A company which recruited students from Saudi Arabia for the Royal College of Surgeons in Ireland is suing the college in a dispute over the level of fees paid by the students.
The Nahj Company for Services is in the High Court dispute with the college over whether the €16,000 fee for participation in the medical commencement programme was inclusive or exclusive of a €5,000 commission said to be payable to the recruiting company.
The college denies the company's claims.
Nahj claims Saudi Arabian officials were advised in error that the fee for each student was €21,000 instead of €16,000.
This alleged mistake gave rise to a series of allegations against the college including that between 2010 and 2014, the college allegedly continued to charge that €5,000 fee but sought to disguise this fact by reducing the total fee from €21,000 to €18,000.
Nahj says that in doing so the college failed to disclose what it says was the previous error - that the €5,000 commission to Nahj was added twice to the actual fee of €11,000 for each student.
Nahj claims the college continued to include a fee of €5,000 which was properly and lawfully due to Nahj.
It says the college wrongfully retained the fee and thereafter caused all or part of the €5,000 to be wrongfully paid to companies called Castel International Ltd and/or an entity known as ICHET.
Nahj says the college owed a duty to act in its best interests, or fiduciary duty, as a partner in the agreement they had reached. It says its conduct amounts to a repudiatory breach of that agreement and breach of that fiduciary duty.
The college, in denying the claims, says it received a directive from the Ministry of Higher Education of the Kingdom of Saudi Arabia in 2010, which changed how students from that country were to be recruited.
It meant students would be recruited through the cultural section of the Saudi Arabian Embassy in London. The college said it therefore had to cease recruiting in Saudi and the fees charged by the Saudi ministry for students in future were to be reduced in an equal amount to that which had been paid to Nahj.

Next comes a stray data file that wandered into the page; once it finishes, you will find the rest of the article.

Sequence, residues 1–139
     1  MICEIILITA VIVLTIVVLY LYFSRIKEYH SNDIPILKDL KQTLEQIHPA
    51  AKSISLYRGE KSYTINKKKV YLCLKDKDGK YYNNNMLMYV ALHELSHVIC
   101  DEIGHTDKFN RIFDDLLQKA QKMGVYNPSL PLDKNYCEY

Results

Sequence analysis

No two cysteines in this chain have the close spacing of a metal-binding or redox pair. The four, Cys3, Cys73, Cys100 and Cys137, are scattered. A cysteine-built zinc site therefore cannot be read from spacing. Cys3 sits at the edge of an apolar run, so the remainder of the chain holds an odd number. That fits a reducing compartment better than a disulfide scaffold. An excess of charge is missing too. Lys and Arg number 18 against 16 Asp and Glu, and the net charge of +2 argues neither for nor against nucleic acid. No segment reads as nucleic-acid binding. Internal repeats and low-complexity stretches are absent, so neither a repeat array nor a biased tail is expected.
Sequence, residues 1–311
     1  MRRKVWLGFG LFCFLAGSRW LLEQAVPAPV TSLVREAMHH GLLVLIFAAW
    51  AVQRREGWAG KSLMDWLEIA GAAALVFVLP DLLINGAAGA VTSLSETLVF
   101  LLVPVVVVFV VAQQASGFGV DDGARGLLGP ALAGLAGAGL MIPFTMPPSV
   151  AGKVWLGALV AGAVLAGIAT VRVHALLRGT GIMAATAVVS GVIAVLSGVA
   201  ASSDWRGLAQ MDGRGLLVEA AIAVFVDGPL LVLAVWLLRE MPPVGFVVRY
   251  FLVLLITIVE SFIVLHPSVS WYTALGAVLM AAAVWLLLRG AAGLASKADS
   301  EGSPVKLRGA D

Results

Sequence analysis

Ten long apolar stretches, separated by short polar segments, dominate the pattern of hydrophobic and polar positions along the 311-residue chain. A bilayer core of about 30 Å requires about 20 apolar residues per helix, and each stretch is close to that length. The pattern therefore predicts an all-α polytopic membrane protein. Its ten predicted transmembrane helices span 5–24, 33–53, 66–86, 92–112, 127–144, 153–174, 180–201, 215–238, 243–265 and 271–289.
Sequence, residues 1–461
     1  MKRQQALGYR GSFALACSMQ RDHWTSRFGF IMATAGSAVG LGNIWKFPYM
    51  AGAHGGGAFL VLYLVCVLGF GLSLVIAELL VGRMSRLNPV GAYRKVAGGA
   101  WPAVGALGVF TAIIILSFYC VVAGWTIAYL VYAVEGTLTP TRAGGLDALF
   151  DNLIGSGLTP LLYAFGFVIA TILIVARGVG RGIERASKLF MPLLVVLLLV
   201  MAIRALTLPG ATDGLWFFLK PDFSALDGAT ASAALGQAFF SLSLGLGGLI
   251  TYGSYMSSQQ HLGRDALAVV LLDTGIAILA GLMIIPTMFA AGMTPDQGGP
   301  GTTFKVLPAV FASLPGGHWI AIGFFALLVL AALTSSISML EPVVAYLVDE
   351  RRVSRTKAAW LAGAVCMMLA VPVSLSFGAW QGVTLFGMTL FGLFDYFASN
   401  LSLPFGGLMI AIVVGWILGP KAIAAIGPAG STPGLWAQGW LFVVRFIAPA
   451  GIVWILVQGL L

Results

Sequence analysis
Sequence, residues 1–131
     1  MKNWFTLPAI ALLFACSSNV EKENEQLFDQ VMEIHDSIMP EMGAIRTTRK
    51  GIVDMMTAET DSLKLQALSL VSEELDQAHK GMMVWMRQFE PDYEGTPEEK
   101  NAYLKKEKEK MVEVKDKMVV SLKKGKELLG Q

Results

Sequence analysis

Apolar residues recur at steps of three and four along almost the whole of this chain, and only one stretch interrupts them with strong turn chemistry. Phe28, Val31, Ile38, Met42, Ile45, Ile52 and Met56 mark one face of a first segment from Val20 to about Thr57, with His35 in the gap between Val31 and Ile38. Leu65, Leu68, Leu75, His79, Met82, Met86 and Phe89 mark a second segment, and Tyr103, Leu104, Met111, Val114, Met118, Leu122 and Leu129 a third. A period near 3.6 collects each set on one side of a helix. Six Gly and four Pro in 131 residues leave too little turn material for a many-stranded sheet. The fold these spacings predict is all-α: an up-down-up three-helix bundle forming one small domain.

This rendered the agreement between the college and Nahj impossible to perform, the college said.
The case began in 2012 and a defence was delivered in 2016. As part of pre-trial procedures, the college sought that Nahj answer certain written questions known in legal terms as "interrogatories".
A dispute followed over this with Nahj claiming, among other things, the permission of the court was first required before the delivery of the interrogatories and that the college was using them to avoid having to establish its defence by calling witnesses.
The college denied this and Mr Justice Garrett Simons was asked to resolve the dispute over interrogatories.
In his judgment, he rejected Nahj's objections to answering the interrogatories.
He also directed that all further pre-trial applications in the proceedings be brought before him. "It is a cause of concern that proceedings first instituted in 2012 have not yet been brought on for trial", he said.